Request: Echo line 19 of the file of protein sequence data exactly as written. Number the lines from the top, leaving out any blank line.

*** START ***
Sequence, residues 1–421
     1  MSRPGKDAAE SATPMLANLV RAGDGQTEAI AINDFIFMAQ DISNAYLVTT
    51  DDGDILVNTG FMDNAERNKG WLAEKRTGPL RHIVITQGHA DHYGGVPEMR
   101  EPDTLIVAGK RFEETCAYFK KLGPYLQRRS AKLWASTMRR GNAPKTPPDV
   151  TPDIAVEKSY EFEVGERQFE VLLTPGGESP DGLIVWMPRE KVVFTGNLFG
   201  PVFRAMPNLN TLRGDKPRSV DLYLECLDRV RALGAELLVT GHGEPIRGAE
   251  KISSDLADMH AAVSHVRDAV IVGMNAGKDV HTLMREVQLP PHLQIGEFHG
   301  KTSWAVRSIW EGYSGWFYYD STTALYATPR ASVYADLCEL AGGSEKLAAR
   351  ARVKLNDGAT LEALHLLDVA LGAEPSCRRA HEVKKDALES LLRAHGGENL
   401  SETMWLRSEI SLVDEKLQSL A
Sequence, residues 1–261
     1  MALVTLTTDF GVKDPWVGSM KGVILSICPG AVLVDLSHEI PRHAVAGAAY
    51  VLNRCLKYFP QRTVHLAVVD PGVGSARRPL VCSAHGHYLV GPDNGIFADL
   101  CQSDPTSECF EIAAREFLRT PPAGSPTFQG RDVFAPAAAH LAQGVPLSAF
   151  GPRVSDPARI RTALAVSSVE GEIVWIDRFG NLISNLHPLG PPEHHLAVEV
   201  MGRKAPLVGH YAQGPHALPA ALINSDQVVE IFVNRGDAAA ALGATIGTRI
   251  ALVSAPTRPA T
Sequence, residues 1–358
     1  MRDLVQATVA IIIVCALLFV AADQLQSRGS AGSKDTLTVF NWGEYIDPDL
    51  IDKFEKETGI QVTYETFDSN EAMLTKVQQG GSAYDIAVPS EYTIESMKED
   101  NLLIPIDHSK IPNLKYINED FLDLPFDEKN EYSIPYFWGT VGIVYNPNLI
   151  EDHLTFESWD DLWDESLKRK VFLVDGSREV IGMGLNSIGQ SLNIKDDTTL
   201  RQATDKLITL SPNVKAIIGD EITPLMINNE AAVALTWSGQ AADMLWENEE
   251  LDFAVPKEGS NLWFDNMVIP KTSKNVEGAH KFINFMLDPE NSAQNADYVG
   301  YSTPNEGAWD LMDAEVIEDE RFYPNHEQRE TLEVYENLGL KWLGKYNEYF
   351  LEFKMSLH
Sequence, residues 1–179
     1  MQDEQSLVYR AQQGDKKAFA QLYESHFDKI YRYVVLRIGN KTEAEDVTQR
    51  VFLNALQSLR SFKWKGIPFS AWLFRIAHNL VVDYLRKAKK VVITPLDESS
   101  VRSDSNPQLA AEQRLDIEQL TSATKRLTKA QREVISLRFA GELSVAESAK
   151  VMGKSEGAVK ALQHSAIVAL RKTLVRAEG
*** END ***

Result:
     1  MRDLVQATVA IIIVCALLFV AADQLQSRGS AGSKDTLTVF NWGEYIDPDL